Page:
the mole is not a convenient unit. This is enough energy to cause extensive fragmentation. Since the ionization is produced by a single electron that is accelerated to 70 V. EI produces positive ions by knocking a valence electron off the analyte molecule (Figure 3). this is commonly referred to as 70 eV EI. 1 eV = 1. E) Electron cloud of molecule ejecting an electron. As the electron passes close to the molecule the negative charge of the electron repels and distorts the electron cloud surrounding the molecule.602 177 33 (49) x 10-19 J. Instead. This distortion transfers kinetic energy from the fast-moving electron to the electron cloud of the molecule. The amount of energy transferred during this process depends upon how fast the electron is traveling and how close it passes to the molecule. Other electron voltages may be used to vary the amount of fragmentation produced during ionization. Because a mass spectrum is produced by ionizing many molecules. however. Intact molecular ions are observed from ions produced for energy is the Joule. A) Ionizing electron approaches the electron cloud of a molecule. If enough energy is transferred by the process. B) Electron cloud distorted by ionizing electron. D) Ionizing electron passes by the molecule. The distribution of energy transferred during ionization and the large number of fragmentation pathways results in a variety of products for a given analyte.A) e- B) e- C) e- M M M D) e- E) ee- F) e- M M+ M+ Figure 3 Electron Ionization P rocess. a distribution of energy and as much as 2800 kJ/mole (30 eV) is transferred to some molecules. The energetics of chemical reactions are typically expressed in kJ/mole. In most 70 eV EI experiments. * The SI unit 8 . So that: 1 eV (per molecule or atom) = 96. The electron volt is frequently used as an energy unit for single molecules or atoms. Ionization does not occur by electron capture. the molecule will eject a valence electron and form a radical cation (M +). extensive fragmentation is often observed in 70 eV EI mass spectra. There is. C) Electron cloud further distorted by ionizing electron. Since approximately 960 kJ/mole (10 eV) is required to ionize most organic compounds and a typical chemical bond energy is 290 kJ/mole (3 eV). and at this level small changes in the electron energy do not significantly effect the fragmentation patterns. approximately 1400 kJ/mole (15 eV)* of energy is transferred during the ionization process. In many gas phase experiments (like mass spectrometry). F) Molecular ion and ejected electron. the spectrum is a distribution of the possible product ions. For most organic compounds the threshold energy for EI is about 10 eV.415 220 6 kJ/mole. which is highly dependent upon molecular structure.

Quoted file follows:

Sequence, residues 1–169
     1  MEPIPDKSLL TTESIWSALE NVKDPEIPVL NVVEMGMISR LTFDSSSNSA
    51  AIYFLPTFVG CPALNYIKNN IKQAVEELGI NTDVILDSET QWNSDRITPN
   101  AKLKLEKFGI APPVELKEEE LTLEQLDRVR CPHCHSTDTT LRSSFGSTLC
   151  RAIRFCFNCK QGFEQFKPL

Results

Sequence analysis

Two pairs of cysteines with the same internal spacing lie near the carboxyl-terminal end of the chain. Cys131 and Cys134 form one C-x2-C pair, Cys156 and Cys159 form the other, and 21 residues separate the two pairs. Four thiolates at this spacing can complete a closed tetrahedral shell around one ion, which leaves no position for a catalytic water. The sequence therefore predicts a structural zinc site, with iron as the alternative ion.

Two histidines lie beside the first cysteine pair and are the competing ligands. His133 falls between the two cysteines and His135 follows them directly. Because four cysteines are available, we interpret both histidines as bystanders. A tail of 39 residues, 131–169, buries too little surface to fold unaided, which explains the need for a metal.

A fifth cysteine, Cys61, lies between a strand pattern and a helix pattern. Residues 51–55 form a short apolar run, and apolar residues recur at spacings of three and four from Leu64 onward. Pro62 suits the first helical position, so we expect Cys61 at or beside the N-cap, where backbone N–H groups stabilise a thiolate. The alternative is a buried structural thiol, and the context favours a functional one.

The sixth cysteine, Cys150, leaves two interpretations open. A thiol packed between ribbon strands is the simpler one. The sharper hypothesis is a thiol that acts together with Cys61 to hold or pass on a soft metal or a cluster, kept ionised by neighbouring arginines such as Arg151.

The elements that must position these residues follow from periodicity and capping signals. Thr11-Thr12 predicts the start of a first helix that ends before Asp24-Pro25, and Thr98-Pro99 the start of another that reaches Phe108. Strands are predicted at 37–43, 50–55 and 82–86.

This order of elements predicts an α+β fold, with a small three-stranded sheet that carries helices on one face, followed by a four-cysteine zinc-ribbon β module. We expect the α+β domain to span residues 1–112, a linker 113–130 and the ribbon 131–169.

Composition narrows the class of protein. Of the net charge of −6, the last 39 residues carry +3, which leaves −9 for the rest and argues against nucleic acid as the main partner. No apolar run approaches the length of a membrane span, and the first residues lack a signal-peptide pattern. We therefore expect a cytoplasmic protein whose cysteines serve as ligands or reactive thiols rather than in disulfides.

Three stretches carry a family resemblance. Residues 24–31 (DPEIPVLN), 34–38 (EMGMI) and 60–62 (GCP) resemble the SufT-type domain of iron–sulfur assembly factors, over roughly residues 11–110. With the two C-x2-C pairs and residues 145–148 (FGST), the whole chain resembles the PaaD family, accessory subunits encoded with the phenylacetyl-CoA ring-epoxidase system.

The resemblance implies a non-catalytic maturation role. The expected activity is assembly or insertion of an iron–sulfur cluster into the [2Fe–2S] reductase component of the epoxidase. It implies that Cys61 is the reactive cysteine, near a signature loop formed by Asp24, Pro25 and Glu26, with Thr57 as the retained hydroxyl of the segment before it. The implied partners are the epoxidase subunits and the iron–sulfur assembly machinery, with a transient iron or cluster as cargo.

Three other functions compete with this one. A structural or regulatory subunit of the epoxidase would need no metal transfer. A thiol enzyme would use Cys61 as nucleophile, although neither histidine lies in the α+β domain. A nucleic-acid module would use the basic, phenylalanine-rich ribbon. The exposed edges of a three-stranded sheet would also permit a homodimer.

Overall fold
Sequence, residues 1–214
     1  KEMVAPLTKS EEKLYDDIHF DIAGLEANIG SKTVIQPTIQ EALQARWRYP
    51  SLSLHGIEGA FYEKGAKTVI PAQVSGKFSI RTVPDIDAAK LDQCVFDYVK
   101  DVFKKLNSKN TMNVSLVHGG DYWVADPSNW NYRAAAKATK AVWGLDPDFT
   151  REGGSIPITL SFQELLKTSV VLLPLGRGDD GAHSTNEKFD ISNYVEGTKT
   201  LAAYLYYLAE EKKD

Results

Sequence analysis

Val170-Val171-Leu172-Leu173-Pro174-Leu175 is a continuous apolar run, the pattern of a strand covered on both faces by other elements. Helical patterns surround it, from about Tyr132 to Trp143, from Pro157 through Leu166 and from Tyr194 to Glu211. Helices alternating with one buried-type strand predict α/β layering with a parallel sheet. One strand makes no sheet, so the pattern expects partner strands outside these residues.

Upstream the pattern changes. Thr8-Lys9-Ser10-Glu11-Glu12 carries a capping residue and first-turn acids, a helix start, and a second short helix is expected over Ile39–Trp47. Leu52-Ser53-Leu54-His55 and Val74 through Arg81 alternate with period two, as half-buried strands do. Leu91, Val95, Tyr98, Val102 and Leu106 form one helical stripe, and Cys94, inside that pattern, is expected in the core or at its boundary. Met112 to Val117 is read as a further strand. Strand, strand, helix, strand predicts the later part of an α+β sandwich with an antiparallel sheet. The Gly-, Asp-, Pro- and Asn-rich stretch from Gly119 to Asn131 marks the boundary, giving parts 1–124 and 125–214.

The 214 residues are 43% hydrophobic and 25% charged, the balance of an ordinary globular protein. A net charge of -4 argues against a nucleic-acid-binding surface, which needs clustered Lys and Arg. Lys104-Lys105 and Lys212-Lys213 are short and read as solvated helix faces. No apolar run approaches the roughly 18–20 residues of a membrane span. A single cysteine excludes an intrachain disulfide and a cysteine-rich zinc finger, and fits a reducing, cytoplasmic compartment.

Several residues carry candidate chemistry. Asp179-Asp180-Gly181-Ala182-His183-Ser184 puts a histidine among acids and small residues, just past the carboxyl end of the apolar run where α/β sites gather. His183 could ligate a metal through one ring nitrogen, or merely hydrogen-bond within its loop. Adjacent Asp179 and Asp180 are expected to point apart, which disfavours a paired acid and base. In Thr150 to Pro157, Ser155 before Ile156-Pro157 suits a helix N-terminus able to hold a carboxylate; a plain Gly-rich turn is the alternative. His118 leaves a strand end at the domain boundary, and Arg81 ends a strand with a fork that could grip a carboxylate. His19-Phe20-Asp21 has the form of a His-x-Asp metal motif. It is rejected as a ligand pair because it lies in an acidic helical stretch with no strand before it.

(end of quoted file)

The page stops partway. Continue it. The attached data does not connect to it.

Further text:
Because the adduct ions have little excess energy and are relatively stable. Chemical Ionization (CI) is a soft” ionization technique that produces ions with little excess energy. is determined by the kinetics of the fragmentation pathways and the ionization energy. the reagent gas and the sample. The reagent gas is added to this cell at approximately 10 Pa (0. the technique is complimentary to 70 eV EI. For softer ionization. At 10-3 Pa the mean free path between collisions is approximately 2 meters and ion-molecule reactions are unlikely. Changing the ionization energy changes the observed distribution of fragment ions. Since this increases the abundance of the molecular ion.0 eV) are frequently used.1 torr) pressure. Chemical Ionization (3. CI is very useful for molecular mass determination.7 eV. Only slight modifications of an EI source region are required for CI experiments. Other molecular ions have more energy and undergo fragmentation in the source region. Some typical reactions in a CI source are shown in Figure 5. This is higher than the 10-3 Pa (10-5 torr) pressure typical for a mass spectrometer source. The reagent gas ions in this cloud react and produce adduct ions like CH5 + (Figure 4). When analyte molecules (M ) are introduced to a source region with this cloud of ions. * P roduct 9 . H H H C H H Figure 4 . often called product ions * . The abundance of the resulting fragments. 4). isobutane (PA 8. the mean free path between collisions is only 10-4 meters and analyte molecules undergo many collisions with the reagent gas. The most common reagent gases are methane. CI is often used to verify the molecular mass of an unknown. Acid base chemistry is frequently used to describe the chemical ionization reactions. isobutane and ammonia. M ethane is the strongest proton donor commonly used with a proton affinity (PA) of 5. The reagent gas in the CI source is ionized with an electron beam to produce a cloud of ions.5 eV) and ammonia (PA 9. The reagent gas must be a strong enough Brønsted acid to transfer a proton to the analyte. which are excellent proton donors. less fragmentation is observed in the mass spectrum.with little excess energy. the reagent gas ions donate a proton to the analyte molecule and produce M H + ions. In the CI source. The energetics of the proton transfer is controlled by using different reagent gases. Fragmentation is minimized in CI by reducing the amount of excess energy produced by the reaction. In Chemical Ionization the source is enclosed in a small cell with openings for the electron beam. but the term is considered controversial and is falling into disuse. This distribution provides the structural information for interpreting mass spectra and is discussed in detail in the section on interpretation. or fragment ions may be called daughter ions in some literature articles. CH 5+ ion. however. As a result.